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In my earth-like world, there is one thing that separates it from Earth; this world has a single rocky ring, around 10.3 meters thick, 5(ish) miles wide.

In our own world we know that without an orbiting body a world will lack tides. Our own moon creates tides despite being over 380 000 kilometres and we have asked what having two moons would do to tides, but we have not asked what having rings would do to a world in terms of tides. So what would the effects of rings be on tides?

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While hohmannfan is correct it's not quite the full answer.

In a traditional ring setup where the ring is in line with the planets equator then the tidal effects will be small and just down to variations/oscillations in the rings.

If on the other hand though the rings are not lined up with the equator then you would get tidal effects every day as the planet surface rotated with respect to the position of the ring. Setting this up would involve some unusual mechanics probably involving a moon being captured in an unusual orbit and then breaking up to form a ring.

Note that the gravitational effects near a ring are strange, the strongest effects do not happen directly under the ring. See this paper for some more information:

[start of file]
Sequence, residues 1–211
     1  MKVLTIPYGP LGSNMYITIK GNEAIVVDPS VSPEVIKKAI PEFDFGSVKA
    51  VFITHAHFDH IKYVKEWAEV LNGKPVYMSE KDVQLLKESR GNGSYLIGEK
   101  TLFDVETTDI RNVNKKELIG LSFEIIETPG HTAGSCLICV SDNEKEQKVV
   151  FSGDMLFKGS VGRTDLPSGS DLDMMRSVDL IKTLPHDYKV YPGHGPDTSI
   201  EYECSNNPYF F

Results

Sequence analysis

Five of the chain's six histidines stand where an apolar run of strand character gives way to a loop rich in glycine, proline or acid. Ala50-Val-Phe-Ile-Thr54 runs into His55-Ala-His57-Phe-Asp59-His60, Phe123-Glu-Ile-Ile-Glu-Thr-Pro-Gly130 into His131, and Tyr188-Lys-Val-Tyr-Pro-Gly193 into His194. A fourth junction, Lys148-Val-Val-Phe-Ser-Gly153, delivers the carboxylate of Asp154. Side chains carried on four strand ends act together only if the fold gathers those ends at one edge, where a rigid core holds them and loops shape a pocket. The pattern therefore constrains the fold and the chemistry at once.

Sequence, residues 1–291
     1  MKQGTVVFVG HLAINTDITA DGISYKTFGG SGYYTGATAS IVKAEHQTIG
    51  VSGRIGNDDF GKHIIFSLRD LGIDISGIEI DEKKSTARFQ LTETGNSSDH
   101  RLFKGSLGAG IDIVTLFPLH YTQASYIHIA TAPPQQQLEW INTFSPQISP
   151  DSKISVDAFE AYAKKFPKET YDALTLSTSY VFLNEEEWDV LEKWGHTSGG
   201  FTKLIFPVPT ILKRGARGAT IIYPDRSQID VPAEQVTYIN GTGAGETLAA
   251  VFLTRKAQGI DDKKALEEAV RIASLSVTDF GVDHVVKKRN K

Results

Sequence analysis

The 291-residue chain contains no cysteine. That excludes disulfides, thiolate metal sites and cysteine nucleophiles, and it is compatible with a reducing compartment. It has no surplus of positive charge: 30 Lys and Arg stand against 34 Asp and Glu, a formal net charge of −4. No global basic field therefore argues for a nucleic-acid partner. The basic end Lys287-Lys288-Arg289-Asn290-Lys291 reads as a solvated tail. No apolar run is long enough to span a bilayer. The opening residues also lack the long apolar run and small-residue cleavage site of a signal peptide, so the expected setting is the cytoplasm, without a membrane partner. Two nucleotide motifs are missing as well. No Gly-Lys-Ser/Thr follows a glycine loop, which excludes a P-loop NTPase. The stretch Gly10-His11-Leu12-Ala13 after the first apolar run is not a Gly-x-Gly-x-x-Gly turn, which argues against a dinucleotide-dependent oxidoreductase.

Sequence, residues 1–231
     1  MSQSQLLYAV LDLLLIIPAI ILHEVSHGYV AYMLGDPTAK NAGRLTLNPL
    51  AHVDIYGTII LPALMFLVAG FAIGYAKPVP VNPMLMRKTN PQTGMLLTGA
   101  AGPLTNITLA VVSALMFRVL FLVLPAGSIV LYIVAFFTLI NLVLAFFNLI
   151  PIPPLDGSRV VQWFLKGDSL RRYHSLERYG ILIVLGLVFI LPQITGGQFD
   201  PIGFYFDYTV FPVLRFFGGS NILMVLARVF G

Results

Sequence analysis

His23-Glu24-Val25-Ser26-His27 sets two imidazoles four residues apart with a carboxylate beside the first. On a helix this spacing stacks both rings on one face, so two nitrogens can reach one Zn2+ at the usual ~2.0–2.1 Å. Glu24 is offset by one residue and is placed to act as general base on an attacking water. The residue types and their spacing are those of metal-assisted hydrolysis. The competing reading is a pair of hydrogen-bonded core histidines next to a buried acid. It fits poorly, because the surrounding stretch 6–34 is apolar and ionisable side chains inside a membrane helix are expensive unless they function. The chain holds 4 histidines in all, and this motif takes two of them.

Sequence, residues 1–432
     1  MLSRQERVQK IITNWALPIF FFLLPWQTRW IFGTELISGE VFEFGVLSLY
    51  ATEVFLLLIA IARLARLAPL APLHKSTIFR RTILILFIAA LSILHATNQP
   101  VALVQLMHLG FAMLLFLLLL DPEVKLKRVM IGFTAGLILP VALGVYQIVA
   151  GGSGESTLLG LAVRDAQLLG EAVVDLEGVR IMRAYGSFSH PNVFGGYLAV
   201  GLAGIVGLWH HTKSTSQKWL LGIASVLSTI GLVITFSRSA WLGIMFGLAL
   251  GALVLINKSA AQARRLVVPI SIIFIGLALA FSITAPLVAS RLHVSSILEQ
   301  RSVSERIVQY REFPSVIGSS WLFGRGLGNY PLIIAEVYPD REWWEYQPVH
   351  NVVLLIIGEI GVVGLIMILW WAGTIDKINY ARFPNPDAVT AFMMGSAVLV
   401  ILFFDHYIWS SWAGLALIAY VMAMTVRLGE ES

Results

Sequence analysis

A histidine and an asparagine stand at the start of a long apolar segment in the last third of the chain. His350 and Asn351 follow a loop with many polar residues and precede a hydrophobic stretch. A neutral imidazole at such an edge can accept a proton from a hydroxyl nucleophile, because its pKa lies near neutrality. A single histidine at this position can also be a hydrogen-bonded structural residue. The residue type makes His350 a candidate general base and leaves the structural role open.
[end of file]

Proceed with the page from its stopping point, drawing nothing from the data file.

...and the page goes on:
http://www.mathpages.com/home/kmath402/kmath402.htm

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  • $\begingroup$ I'm interested in hearing more about those 'strange gravitational effects' near a ring. Unfortunately, the article you link to is a bit too technical for me. Could you perhaps put it in layman's terms? Or are those effects merely really close to the ring, and not on the surface of the planet? $\endgroup$ – Thomas Reinstate Monica Myron Feb 28 '18 at 16:06
  • $\begingroup$ @ThomasMyron Honestly I wrote that 2 years ago so not without going and researching it all over again which I don't really have time to do right now :) Try google or ask it as a separate question here or on Physics.SE. $\endgroup$ – Tim B Feb 28 '18 at 16:32
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No effect at all.

Gravitational influence on its own is not enough, you must have variations to create tides. In a ring, the mass is distributed equally in a symmetrical shape.

To turn the question on its head, can the tides have an effect on the rings? Yes, if one or more moons are orbiting the planet, they can make waves in the rings, like just visible in this image of Saturn's rings:

tides in rings

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